Welfare And the Rural Poor

President Clinton attends summit in Iowa on poverty in the countryside

PRESIDENT Clinton today shifts the focus of the national debate on welfare to rural residents who, by some measures, have the distinction of being the poorest of America's poor.

The president, rural leaders, farmers, and social workers gather for the one-day National Rural Conference in Ames, Iowa -- the culmination of a series of conferences organized by the Clinton administration -- to consider how to mobilize technology, schools, tax policy, and government aid to enliven the nation's countryside.

The need here is great and, until now, has received little attention.

The debate over the poor and welfare typically evokes images of single mothers living in urban ghettos and homeless panhandlers in the city parks. But statistics show that poverty rate is highest in rural areas. And improving the situation is made more difficult by a relative lack of publicity and political clout, few job and education opportunities, and underuse of government-aid programs available to the rural needy.

Poverty is not just urban

''We think of poverty as being an urban problem, but in many places the percentages of people in poverty are comparable -- if not greater than -- in non-metro areas,'' says Jeff Crump, a professor at Western Illinois University in Macomb, Ill.

The United States Census Bureau shows that 17.3 percent of all residents in the countryside live in poverty, compared with 14.6 percent poverty rate among urban residents.

The rural poor are especially relevant to the welfare debate, too, because statistics also show that having a full-time, low-wage job does not ensure adequate food or shelter.

A bigger chunk of the rural poor has jobs than the urban poor. In the countryside, 65 percent of the poor live in families with one or more working members. In the city, 54 percent of the needy live in such families, says Moises Loza, executive director of the Housing Assistance Council in Washington, D.C.

Such figures cast doubt on the many welfare-reform measures that seek to move people from public aid to employment based on the assumption that a job will buoy a worker's family above poverty.

Experts say the Clinton administration should consider helping the rural poor in several ways:

r Publicize the Earned Income Tax Credit. Many citizens in rural areas live far from public-aid officials and do not know they qualify for this credit, which low-income workers can put toward social security taxes. If the credit exceeds their social security taxes, the government gives them a check for the difference. Those with incomes up to $26,000 may receive the credit.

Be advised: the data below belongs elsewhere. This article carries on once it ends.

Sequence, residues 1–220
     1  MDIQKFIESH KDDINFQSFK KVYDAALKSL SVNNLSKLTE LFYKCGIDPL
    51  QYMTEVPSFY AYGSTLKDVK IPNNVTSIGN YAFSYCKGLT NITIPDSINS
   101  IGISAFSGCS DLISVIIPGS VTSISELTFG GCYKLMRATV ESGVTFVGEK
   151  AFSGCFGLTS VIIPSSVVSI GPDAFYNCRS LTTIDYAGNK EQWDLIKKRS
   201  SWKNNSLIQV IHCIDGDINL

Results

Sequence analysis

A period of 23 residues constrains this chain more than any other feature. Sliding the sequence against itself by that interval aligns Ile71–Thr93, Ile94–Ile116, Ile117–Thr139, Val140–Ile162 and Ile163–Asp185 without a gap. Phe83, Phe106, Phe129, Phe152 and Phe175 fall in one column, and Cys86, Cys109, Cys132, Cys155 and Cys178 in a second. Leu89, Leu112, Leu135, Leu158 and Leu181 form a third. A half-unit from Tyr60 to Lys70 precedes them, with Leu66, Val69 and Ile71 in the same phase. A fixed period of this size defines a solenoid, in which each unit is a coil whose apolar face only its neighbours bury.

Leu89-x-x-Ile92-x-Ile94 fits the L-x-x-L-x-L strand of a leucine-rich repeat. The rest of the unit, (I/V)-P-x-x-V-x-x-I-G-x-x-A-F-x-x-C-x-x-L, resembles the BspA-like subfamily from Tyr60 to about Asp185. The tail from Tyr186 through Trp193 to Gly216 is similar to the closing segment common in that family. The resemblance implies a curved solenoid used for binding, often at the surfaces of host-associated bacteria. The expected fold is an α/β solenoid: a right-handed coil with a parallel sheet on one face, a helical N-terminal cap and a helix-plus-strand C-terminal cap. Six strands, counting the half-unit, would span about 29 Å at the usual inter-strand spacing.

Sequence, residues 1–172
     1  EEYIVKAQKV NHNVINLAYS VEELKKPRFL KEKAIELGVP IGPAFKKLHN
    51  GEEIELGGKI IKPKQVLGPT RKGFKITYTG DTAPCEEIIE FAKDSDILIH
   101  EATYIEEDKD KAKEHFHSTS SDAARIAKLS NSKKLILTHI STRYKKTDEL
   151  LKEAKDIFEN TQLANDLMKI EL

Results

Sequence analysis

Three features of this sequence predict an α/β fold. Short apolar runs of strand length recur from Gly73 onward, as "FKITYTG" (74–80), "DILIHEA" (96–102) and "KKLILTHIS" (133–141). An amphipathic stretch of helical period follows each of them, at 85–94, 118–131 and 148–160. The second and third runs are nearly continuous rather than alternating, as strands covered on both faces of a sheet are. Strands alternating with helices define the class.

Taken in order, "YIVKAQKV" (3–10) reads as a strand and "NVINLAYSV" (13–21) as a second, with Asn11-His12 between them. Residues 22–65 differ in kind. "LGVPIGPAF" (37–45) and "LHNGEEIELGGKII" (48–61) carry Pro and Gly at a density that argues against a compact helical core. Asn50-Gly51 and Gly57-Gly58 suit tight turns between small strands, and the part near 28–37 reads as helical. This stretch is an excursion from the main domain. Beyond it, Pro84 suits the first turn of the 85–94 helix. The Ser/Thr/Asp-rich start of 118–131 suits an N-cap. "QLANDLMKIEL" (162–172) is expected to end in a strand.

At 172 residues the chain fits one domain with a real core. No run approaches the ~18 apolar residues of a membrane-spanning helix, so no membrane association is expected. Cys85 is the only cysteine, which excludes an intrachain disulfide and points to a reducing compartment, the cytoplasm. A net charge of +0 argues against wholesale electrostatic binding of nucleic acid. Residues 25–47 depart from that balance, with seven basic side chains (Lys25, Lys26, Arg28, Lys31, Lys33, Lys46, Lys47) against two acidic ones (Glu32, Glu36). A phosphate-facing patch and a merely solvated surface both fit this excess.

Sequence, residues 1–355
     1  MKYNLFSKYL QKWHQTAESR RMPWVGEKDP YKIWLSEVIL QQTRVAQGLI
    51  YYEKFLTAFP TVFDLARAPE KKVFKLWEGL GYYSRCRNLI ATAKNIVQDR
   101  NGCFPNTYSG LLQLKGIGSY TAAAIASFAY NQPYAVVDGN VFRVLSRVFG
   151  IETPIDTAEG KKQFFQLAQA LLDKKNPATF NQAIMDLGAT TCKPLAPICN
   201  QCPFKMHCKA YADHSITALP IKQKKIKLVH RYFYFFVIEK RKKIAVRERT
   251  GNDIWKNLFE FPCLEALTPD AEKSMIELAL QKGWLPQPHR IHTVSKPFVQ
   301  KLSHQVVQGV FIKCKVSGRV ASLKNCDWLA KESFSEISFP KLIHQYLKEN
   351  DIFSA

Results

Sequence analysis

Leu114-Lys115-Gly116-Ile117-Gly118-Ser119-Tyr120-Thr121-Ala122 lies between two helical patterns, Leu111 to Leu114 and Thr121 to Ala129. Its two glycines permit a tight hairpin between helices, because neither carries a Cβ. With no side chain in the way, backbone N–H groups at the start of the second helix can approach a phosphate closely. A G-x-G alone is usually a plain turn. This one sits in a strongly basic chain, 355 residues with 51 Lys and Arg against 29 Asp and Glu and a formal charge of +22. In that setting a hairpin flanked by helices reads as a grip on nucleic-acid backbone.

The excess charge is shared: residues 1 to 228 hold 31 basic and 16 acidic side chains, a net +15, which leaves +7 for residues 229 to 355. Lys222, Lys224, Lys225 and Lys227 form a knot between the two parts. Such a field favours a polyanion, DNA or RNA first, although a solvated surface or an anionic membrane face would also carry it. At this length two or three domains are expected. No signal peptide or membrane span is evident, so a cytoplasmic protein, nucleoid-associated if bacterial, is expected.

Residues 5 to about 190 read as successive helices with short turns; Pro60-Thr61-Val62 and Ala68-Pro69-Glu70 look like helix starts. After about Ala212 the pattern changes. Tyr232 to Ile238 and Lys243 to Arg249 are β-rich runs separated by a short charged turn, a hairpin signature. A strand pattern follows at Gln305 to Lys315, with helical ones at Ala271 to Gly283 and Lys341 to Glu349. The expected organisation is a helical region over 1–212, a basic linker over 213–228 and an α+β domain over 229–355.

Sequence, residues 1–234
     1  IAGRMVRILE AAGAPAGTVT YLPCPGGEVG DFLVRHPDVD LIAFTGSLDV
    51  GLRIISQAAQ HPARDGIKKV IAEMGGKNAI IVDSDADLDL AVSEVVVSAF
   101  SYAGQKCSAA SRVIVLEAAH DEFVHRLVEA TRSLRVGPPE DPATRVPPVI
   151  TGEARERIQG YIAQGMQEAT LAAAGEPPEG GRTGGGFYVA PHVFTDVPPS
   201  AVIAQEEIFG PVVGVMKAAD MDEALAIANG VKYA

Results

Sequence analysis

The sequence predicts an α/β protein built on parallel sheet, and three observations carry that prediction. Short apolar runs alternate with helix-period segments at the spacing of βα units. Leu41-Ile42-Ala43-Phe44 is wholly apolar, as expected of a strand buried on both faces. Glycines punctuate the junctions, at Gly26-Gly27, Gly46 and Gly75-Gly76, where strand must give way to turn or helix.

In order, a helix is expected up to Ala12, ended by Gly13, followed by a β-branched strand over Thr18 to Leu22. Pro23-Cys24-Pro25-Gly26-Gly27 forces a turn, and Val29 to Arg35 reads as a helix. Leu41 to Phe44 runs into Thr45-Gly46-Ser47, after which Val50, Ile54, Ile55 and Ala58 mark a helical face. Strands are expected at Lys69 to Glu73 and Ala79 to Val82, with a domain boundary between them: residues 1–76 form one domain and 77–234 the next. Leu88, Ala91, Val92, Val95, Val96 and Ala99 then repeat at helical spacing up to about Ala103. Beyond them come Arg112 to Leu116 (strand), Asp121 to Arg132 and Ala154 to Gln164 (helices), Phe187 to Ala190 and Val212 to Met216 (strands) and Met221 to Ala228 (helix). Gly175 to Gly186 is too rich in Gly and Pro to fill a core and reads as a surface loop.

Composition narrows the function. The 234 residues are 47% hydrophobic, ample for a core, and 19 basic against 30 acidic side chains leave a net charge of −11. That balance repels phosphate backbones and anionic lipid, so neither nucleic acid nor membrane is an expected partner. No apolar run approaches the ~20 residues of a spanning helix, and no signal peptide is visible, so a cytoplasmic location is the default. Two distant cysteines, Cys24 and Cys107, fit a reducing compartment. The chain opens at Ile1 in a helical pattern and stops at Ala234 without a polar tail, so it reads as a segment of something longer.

r Kindle broad economic growth. Through incentives for investment, stepped-up lending, and improvement in roads, bridges, and other vital public works, the government could invigorate the rural economy and help the poor there to satisfy their relatively high desire to find work and be self-sufficient.

r Promote rural entrepreneurship while providing education in promising, foward-looking professions. Government could advance education in technical fields, seeking to match curricula with skills required in growing industries. Meanwhile, officials could nurture entrepreneurship and povide incentives for rural entrepreneurs to remain in their native areas and resist the longstanding allure of cities.

r Offer rural residents access to advanced telecommunications. The government could encourage the growth of service jobs for rural residents by extending information-grid technology to the countryside.

But wiring rural areas isn't an employment panacea. ''The down- side is that some of those jobs tend to be fairly low pay,'' says Gene Summers, a professor at the Univeristy of Wisconsin. Telecommunications ''can link in remote towns but also make them places where you can get our own version of offshore, third-world cheap labor,'' says Mr. Summers, chairman of the Rural Sociological Society's rural poverty task force.

Out of sight, out of mind

The political weakness of the rural poor makes it unusually difficult to build a consensus behind aid to the countryside, the experts say. Unlike the urban poor, the countryside's needy residents are widely dispersed. As a result, they lack political cohesion and unity.

''The fact that in rural areas they are dispersed makes it even more difficult for them to have any real clout,'' says Mr. Loza.

Rural poor often cannot command as much public sympathy as their urban counterparts because they are largely overlooked by the nation's urban-based media. And rather than walking city streets among prosperous Americans, the rural poor remain out of view in remote mountains or dry wastelands.

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